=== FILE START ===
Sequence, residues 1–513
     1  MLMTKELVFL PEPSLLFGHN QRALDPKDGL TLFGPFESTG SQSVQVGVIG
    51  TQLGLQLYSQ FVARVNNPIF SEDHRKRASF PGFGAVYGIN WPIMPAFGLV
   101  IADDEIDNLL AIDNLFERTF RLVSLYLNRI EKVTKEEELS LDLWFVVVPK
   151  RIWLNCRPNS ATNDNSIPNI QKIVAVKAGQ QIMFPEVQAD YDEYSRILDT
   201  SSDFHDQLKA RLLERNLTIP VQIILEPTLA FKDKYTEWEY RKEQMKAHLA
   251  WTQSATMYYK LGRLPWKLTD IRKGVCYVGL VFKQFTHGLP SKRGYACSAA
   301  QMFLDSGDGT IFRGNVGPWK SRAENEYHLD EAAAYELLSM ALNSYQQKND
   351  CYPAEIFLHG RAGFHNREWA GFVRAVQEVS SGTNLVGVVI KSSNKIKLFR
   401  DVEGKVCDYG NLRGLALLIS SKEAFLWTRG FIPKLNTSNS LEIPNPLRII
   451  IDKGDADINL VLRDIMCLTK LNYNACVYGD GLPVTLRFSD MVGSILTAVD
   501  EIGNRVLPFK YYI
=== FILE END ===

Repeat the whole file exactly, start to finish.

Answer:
Sequence, residues 1–513
     1  MLMTKELVFL PEPSLLFGHN QRALDPKDGL TLFGPFESTG SQSVQVGVIG
    51  TQLGLQLYSQ FVARVNNPIF SEDHRKRASF PGFGAVYGIN WPIMPAFGLV
   101  IADDEIDNLL AIDNLFERTF RLVSLYLNRI EKVTKEEELS LDLWFVVVPK
   151  RIWLNCRPNS ATNDNSIPNI QKIVAVKAGQ QIMFPEVQAD YDEYSRILDT
   201  SSDFHDQLKA RLLERNLTIP VQIILEPTLA FKDKYTEWEY RKEQMKAHLA
   251  WTQSATMYYK LGRLPWKLTD IRKGVCYVGL VFKQFTHGLP SKRGYACSAA
   301  QMFLDSGDGT IFRGNVGPWK SRAENEYHLD EAAAYELLSM ALNSYQQKND
   351  CYPAEIFLHG RAGFHNREWA GFVRAVQEVS SGTNLVGVVI KSSNKIKLFR
   401  DVEGKVCDYG NLRGLALLIS SKEAFLWTRG FIPKLNTSNS LEIPNPLRII
   451  IDKGDADINL VLRDIMCLTK LNYNACVYGD GLPVTLRFSD MVGSILTAVD
   501  EIGNRVLPFK YYI